United were denied a penalty in the opening minutes of the second half, when Persson broke into the box and was pushed and pulled as he tried to line up a shot. After Tommy Millar fired a 20 yard shot just inches over the bar, United began to realise that the comeback was not meant to be, as the Juventus players did their best to see the game out. A lighter moment saw the Italian defender Gori approach the touchline to request a new pair of shorts, after he had lost his original pair in a tussle with Lennart Wing!
With just eight minutes left, United finally made a breakthrough when Dossing hooked the ball over the line after he and Persson had chased a bobble in the penalty area.
Above: (left to right) Finn Døssing, Lennart Wing and Örjan Persson.
Although United went out of the competition, they could take great pride in their home victory over the Italian giants on the night – one of only six defeats that Juventus would suffer during the whole of 1966/67, during which they won the Serie A championship.
Juventus eventually lost out in the Quarter Finals to Dinamo Zagreb, who had knocked Dunfermline out in the second round. After victories over Royal Antwerp, Ghent and Lokomotive Leipzig, Kilmarnock reached the Semi Finals of the competition, where they lost 4-2 on aggregate to Don Revie’s Leeds United side. Dinamo Zagreb defeated Leeds United in the two-legged Final, 2-0 on aggregate.
The 28,000 crowd at the Barcelona match set a new record attendance at Tannadice, beating the previous best of 26,407 that had attended a Scottish Cup match against Aberdeen fourteen years before. This new record still remains to this day, and is unlikely to ever be beaten following the redevelopment of Tannadice over the years which has reduced the capacity to just over 14,000.
The 1966/67 season was an incredible year for Scottish Football. As well as United and Kilmarnock’s performances in the Fairs Cup, Celtic reached the Final of the European Cup to defeat Inter Milan 2-1 and become the first British club to win the trophy. Rangers also reached the Final of the Cup Winners’ Cup, narrowly losing out to Bayern Munich in extra-time. The Scottish International side also defeated the then World Champions England in a memorable British Championship match at Wembley.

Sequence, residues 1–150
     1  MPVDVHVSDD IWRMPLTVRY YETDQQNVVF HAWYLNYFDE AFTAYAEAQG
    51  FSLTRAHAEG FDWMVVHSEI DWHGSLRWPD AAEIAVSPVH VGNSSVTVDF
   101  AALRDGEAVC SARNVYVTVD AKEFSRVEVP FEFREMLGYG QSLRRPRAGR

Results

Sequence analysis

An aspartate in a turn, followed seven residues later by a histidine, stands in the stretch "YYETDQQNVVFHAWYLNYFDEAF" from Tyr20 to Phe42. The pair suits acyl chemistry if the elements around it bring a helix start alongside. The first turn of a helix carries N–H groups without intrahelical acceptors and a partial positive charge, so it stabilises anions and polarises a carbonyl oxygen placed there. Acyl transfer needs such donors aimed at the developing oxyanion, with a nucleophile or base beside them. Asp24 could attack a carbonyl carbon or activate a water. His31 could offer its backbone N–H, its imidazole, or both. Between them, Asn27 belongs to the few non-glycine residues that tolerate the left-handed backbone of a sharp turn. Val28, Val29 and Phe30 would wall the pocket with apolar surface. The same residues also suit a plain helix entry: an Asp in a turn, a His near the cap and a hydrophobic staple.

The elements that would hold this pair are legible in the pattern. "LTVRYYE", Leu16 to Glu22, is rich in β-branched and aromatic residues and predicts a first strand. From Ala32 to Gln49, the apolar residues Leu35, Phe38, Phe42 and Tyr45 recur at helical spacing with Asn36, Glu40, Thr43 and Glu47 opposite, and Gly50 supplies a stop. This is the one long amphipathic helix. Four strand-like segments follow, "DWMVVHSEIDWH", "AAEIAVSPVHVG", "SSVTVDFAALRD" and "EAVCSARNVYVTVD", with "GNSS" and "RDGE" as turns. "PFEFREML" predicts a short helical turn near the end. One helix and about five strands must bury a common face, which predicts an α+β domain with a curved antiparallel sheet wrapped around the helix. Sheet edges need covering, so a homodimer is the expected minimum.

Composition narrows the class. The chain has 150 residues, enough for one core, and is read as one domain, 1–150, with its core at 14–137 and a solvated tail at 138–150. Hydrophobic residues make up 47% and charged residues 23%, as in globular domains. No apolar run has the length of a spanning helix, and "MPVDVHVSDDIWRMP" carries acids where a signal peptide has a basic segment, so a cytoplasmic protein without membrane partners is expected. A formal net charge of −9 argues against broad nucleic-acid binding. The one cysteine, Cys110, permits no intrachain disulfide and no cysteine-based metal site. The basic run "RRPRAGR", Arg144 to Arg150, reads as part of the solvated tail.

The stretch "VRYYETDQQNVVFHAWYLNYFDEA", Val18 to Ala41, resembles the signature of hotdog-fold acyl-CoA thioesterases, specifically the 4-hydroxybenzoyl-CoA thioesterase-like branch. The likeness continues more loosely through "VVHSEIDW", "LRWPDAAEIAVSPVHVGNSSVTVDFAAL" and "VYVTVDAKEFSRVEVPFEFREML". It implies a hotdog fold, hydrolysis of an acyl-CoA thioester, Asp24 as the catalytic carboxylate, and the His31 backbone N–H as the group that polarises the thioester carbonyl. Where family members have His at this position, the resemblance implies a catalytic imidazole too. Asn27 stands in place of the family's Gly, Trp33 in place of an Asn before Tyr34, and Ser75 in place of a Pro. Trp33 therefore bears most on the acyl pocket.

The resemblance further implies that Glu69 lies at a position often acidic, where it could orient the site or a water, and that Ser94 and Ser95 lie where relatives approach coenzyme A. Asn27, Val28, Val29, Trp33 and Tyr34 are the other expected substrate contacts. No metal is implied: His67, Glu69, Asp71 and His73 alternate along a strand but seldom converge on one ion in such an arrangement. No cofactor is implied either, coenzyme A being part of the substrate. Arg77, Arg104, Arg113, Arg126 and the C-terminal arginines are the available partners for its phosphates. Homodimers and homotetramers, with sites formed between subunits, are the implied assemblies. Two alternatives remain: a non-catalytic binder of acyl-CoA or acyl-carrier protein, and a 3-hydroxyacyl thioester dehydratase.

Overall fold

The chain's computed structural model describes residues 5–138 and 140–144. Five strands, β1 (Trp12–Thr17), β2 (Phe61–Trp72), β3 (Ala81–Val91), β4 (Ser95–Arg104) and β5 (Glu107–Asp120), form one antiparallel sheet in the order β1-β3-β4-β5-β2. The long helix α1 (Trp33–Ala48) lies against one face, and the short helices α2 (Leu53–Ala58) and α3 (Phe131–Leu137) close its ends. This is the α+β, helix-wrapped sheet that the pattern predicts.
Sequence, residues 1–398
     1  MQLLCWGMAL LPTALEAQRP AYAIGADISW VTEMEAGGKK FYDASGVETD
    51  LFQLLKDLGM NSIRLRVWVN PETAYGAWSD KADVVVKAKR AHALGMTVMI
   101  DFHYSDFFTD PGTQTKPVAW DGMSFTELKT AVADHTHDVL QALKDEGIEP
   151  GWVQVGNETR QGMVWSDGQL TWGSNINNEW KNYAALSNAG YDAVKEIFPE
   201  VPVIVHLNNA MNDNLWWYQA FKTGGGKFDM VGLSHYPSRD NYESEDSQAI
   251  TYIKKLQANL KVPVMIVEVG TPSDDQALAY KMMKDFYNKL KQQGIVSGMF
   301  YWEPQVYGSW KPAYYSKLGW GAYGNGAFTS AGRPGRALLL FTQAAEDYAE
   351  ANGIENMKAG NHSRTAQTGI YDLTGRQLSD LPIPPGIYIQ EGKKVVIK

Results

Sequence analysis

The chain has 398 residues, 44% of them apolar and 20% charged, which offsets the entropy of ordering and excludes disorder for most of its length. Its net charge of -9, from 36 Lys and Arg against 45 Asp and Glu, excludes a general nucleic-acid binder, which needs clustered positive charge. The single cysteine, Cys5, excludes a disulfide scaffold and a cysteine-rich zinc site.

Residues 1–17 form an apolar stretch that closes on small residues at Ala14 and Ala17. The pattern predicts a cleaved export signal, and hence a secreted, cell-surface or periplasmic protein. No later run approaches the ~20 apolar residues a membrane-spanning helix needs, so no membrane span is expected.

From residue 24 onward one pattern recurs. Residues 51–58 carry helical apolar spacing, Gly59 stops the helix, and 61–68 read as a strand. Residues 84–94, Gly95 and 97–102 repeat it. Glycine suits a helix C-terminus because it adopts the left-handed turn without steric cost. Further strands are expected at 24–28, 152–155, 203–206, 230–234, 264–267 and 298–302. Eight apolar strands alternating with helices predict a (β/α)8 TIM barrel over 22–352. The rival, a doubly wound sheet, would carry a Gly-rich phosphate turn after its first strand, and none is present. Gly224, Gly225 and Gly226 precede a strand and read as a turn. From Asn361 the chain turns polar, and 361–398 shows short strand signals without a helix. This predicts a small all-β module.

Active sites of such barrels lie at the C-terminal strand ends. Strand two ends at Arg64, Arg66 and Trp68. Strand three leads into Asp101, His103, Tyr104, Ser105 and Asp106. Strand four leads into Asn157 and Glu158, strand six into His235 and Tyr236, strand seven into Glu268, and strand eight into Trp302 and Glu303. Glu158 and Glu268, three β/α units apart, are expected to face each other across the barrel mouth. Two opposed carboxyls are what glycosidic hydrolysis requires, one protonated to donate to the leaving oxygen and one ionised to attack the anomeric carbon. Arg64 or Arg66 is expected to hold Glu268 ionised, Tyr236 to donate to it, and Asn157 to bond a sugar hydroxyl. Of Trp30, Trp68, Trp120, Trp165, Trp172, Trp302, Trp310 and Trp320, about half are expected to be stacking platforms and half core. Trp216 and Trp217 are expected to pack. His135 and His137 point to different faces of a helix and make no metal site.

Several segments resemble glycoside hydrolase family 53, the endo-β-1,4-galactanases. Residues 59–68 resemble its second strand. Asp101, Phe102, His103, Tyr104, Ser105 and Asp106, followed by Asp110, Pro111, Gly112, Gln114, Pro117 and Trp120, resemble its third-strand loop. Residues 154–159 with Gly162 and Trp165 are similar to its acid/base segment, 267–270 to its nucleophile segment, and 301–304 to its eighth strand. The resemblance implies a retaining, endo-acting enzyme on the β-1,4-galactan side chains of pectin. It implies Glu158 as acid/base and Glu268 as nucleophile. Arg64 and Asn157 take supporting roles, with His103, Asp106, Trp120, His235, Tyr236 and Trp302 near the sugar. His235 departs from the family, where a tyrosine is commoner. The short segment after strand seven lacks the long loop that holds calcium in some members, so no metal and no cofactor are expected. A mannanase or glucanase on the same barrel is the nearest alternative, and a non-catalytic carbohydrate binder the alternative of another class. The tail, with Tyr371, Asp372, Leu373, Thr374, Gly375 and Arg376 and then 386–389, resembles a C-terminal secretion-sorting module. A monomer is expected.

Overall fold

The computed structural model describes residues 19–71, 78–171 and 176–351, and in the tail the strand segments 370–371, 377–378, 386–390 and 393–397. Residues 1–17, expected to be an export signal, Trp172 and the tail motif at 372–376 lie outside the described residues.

Thankfully, United would go on to have many more memorable adventures in Europe over the years. Jerry Kerr’s side qualified for the competition on two further occasions in 1969 and 1970, playing in some fantastic ties against Newcastle United, Grasshoppers and Sparta Prague before the tournament was taken over by UEFA in 1971 and relaunched as the UEFA Cup.
Jim McLean took over from Kerr in 1971, and took the Club to new and unexpected heights. After surviving a relegation battle by goal difference in the first year of the Premier Division in 1976, United went on to qualify for European Football for the next 15 years in a row, playing in European competitions in every season from 1977/78 to 1990/91. Under McLean’s management the club became well known throughout the continent, defeating teams such as Barcelona (again!), Borussia Monchengladbach (twice!), Monaco, Werder Bremen, PSV Eindhoven and Anderlecht, whilst running teams like Roma, Manchester United & IFK Gothenburg close on several occasions.
After winning the Scottish Premier Division Championship in 1983, United even went as far as to reach the Semi Finals of the European Cup in 1983/84 and three years later went a step further to reach the Final of the UEFA Cup in 1986/87, narrowly losing out at the final hurdle.
During McLean’s 20 year spell as manager at Dundee United the Club only failed to qualify for Europe on five occasions. However after his retirement in 1993 United’s standards dropped, and they only qualified 4 times over the next 15 years. It wasn’t until the arrival of Craig Levein and Peter Houston that United began to challenge for a European place again, by which time the competition had changed its name and format again, to what we now know as the Europa League.
Written by Bryan Orr